Spatially distributed simulation of water balance and sediment transport in an agricultural field

Lassi Warsta*, Antti Taskinen, Maija Paasonen-Kivekäs, Tuomo Karvonen, Harri Koivusalo

*Corresponding author for this work

Research output: Contribution to journalArticleScientificpeer-review

9 Citations (Scopus)


Runoff and sediment transport are distinctively three-dimensional (3D) processes and occur through overland, tillage layer and subsurface pathways. The objective was to quantify water balance and sediment concentrations in runoff waters and to assess sediment loads via surface runoff and drainflow in a clayey, subsurface drained field section using the FLUSH model. The model can simulate field scale two-dimensional overland flow and 3D unsaturated and saturated subsurface flow, including preferential flow in macropores. The erosive processes, comprised of hydraulic and raindrop splash erosion, occur in the overland domain while suspended sediment is conveyed from the field surface to subsurface drains via preferential transport in macropores in the subsurface domain. The study site, located in southern Finland, is a clayey, subsurface drained field section with an area of 12ha and an average slope of 2.8%. The growing seasons and the following autumns of two years with distinctly different rainstorm characteristics were modelled. The simulated sediment loads via tillage layer runoff and drainflow were 85 and 117kgha-1, respectively in 1988, and 63 and 189kgha-1 in 1984. Despite the high precipitation in October 1984 (143mm), erosion in the field area was low due to minimal surface runoff and consequently minimal hydraulic erosion. The suspended sediment at the site was generated by raindrop impacts and the eroded material was transported to the open ditch through tillage layer flow and subsurface drainflow. The model was able to reproduce the measured sediment concentrations in the main open ditch into which both tillage layer runoff and drainflow are discharged from the field. Spatially distributed erosion simulations facilitate the detection of net erosion and deposition locations in the field and could be used to design intensive measurement campaigns and guide erosion control practices in the future.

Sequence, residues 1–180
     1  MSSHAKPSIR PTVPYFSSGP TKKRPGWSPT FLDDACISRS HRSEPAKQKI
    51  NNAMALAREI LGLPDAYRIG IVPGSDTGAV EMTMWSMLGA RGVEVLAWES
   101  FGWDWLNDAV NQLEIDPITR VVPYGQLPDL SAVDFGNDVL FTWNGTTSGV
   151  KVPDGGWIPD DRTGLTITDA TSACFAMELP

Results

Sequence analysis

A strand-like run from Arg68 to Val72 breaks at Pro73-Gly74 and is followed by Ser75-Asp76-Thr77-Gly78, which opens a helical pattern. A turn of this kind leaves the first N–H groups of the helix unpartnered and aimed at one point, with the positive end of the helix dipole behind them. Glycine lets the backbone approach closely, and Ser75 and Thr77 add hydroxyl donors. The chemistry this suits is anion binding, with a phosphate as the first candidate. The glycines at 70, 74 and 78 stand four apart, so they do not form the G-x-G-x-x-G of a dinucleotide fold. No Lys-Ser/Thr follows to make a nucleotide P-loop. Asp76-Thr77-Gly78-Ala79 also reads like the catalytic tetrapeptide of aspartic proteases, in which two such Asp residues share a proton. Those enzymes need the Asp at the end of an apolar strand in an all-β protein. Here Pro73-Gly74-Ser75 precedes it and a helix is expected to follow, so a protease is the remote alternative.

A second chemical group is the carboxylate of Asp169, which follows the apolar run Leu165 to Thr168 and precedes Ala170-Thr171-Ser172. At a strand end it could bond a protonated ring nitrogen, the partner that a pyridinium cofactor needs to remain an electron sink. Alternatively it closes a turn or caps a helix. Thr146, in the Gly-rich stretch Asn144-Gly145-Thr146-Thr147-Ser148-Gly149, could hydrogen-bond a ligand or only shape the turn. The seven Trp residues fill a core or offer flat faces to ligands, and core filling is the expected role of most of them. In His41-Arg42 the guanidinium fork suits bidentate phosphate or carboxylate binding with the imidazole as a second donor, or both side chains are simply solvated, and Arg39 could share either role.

Original languageEnglish
Pages (from-to)26-37
Number of pages12
Publication statusPublished - 2014
MoE publication typeA1 Journal article-refereed


  • Clay soil
  • Drainflow
  • Erosion
  • FLUSH model
  • Sediment concentration
  • Surface runoff


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